I created a YouTube playlist with the eight video clips posted by OKCPS of today’s press conference, in case you’d like to view them all sequentially. I’ve embedded the playlist below.
Damon Gardenhire, official spokesman for the Oklahoma Department of Education, was quoted in an Oklahoma News 9 article this evening (“State Takeover Of Under performing OKC Schools Not Likely“) and said fears of a state school takeover in Oklahoma are ill-founded. According to the article he said:
We’re not talking about that, First of all, the state is not interested in taking over, [but] rather identifying ways to better work together, [to] get the politics out of the process. Let’s focus on what’s best for the students. What we’re encouraging is that everybody come to the table with solutions and look at those solutions, figure out best practices, and what’s working and let’s focus on that.
Time will tell if the concerns expressed by Springer and Monson at today’s press conference are well founded or not. Oh, wouldn’t it be wonderful if we truly could “get politics out of the process” when it comes to education and our schools? Realistically we won’t, because people who care will always speak up when the needs and interests of children are threatened as they are today. Our best hope is that those crafting policies which affect public education will be well informed and smart about intended as well as unintended consequences of legislation. We can also hope those leaders have the courage to address the roots of many problems which face our schools, teachers and communities: Poverty.
I will refrain from editorializing further on this situation right now except to note that last year, in 2010-2011, the federally mandated “slash and burn approach” to school change where half of the teaching faculty at a school identified as “low performing” are fired was implemented at U.S. Grant High School in Oklahoma City Public Schools. Guess what? Firing half the teachers and hiring new people didn’t “fix” the deep-seated problems faced by students, families and educators in that OKCPS community. In fact, many would argue hiring a new wave of 1st year teachers is often a setback rather than a step forward for schools serving large numbers of impoverished students when RELATIONSHIPS between teachers and students are so pivotal in the learning process. Many of the challenges faced by our urban schools today stem directly from POVERTY and the issues which go along with it. Those aren’t issues anyone in our Oklahoma State Department of Education are talking about currently.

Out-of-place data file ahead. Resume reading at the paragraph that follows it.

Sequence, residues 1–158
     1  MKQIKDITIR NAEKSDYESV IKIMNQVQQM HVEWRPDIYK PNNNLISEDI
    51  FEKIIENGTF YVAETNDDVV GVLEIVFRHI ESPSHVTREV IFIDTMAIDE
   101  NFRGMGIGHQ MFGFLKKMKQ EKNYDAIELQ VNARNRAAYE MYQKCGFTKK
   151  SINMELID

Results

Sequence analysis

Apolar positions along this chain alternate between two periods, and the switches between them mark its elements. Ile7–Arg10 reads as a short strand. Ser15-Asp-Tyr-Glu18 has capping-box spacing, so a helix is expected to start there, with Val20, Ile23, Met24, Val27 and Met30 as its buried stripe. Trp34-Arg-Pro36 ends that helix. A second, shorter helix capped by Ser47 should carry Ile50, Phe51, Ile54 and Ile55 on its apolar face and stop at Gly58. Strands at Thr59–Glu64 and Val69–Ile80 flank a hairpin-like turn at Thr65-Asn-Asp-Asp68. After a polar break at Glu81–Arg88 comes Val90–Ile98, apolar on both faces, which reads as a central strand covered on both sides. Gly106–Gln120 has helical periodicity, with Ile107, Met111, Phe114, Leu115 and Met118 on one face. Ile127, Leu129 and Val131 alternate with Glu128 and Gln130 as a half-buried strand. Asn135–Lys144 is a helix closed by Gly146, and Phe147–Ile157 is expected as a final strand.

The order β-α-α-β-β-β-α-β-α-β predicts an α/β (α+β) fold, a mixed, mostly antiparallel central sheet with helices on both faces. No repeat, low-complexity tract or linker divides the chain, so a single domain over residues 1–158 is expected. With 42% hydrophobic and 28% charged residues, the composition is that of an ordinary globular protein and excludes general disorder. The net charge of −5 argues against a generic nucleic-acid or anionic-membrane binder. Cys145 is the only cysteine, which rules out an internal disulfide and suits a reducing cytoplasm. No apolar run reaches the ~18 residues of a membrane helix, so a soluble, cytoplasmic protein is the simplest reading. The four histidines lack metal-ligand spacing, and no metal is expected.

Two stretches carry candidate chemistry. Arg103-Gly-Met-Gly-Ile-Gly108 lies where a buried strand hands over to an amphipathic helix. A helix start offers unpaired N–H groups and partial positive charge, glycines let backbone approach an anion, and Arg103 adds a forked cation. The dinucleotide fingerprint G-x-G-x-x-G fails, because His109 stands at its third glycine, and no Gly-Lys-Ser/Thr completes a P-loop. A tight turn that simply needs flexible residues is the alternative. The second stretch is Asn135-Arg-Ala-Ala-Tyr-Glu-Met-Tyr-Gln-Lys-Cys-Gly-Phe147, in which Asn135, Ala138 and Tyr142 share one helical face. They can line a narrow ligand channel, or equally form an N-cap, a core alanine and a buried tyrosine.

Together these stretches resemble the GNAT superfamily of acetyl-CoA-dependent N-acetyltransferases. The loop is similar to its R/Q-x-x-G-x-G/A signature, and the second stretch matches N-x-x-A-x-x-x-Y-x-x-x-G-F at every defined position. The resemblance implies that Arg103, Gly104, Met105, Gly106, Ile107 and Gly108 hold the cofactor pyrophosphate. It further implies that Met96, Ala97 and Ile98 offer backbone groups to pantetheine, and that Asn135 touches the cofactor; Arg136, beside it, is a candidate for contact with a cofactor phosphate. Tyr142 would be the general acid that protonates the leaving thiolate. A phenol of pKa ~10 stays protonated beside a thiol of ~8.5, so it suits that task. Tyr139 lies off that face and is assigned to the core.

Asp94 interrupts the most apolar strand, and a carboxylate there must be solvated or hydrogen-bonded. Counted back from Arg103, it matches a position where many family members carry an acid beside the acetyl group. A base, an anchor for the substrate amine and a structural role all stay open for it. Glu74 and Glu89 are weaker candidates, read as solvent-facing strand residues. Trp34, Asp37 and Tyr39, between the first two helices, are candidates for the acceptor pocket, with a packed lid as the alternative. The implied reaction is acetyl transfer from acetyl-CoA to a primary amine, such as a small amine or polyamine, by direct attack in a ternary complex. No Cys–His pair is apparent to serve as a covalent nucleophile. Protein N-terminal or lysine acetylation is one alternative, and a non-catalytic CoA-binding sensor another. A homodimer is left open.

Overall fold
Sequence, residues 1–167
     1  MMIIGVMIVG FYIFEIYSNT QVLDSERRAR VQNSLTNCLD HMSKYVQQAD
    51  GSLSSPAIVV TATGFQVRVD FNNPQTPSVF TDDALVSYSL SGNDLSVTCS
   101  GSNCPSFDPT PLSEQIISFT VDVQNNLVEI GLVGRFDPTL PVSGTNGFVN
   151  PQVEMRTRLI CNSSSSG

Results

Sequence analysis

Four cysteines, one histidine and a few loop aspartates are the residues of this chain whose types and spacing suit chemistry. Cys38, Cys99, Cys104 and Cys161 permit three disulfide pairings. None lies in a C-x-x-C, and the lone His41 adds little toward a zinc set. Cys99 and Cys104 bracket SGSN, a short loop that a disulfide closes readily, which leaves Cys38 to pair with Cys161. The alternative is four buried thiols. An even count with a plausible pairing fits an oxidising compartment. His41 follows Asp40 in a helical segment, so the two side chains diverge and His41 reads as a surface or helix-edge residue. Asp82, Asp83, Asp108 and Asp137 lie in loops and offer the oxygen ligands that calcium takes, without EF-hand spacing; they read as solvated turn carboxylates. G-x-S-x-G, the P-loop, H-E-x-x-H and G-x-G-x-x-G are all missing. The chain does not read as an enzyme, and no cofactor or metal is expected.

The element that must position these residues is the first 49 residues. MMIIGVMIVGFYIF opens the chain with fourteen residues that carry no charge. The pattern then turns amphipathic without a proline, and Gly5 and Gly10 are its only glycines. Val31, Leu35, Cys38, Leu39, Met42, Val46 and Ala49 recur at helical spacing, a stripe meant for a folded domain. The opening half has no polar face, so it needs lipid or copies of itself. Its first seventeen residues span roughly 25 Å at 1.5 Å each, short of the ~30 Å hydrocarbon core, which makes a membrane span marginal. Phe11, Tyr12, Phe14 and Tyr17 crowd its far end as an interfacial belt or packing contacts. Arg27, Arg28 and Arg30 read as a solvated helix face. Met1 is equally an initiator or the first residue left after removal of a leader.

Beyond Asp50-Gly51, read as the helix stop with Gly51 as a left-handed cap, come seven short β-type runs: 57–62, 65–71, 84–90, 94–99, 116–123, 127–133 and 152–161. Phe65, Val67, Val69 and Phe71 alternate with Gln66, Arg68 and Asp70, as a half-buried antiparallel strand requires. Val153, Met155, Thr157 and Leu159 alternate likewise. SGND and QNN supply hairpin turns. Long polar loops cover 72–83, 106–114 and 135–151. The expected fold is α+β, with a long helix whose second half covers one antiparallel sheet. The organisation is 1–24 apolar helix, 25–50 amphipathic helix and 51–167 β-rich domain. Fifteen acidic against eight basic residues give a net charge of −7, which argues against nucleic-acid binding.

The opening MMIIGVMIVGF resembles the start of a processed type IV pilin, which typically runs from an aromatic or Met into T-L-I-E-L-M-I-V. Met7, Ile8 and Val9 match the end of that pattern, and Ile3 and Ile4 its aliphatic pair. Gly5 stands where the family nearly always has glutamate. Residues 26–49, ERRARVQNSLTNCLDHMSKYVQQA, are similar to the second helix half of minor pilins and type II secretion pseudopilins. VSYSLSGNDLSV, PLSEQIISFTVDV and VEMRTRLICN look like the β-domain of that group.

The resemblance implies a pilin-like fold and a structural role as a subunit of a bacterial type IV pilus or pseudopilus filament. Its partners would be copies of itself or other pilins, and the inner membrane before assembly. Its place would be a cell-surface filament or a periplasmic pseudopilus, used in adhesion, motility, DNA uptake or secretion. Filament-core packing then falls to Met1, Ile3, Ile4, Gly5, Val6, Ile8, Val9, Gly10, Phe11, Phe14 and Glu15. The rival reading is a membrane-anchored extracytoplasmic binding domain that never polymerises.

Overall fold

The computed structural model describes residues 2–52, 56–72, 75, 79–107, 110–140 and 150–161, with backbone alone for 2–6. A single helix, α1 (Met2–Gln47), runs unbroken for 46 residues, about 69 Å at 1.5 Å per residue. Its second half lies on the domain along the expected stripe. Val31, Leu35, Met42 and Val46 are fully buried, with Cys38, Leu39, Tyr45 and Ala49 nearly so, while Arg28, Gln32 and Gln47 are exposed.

Stay tuned. As a parent of three children enrolled in Oklahoma City Public Schools, I think we’re in for a bumpy ride. My hope and prayer is that our state and school leaders will work together to truly put the needs and interests of students, families, and educators first and find collaborative ways to improve both our schools and our communities. “It takes a village” to educate children well, and we all have important roles to play.
If you want some additional reading about ANSWERS to our educational reform challenges, see my March 2011 post, “High Stakes Testing Must End in the USA.” Unfortunately, no one in a position of political or educational leadership in Oklahoma is speaking this language. Yet.
Did you know Wes has published 3 eBooks, and 1 of them is available free? Check them out! Do you use a smartphone or tablet? Subscribe to Wes' free magazine "iReading" on Flipboard!
If you're trying to listen to a podcast episode and it's not working, check this status page. (Wes is migrating his podcasts to Amazon S3 for hosting.) Remember to follow Wesley Fryer on Twitter (@wfryer), Facebook and Google+. Also "like" Wesley's Facebook pages for "Speed of Creativity Learning" and his eBook, "Playing with Media." Don't miss Wesley's latest technology integration project, "Mapping Media to the Common Core / Curriculum."
On this day..
- More EdCamps Coming: Tulsa, Andover (Kansas) & Stillwater - 2014
- Text Complexity for Common Core State Standards by Linda Everett - 2012
- Recent Developments in Oklahoma Teacher Evaluation by Louis Barlow - 2012
- Developing Student Thinking Skills for College, Career and Citizenship by Rebecca Wilkinson #ccss - 2012
- The Future is Now: IT in Common Core by Nick Migliorino - 2012
- Fund the Dreams of Students Through The Generation Project - 2011
- Silvia Tolisano on Skype in the Classroom and Digital Storytelling - 2010
- Personalized Digital Newspapers - 2010
- Explorations enroute to and in Christchurch, New Zealand - 2009
- Compelling Oklahoma Oral Histories - 2008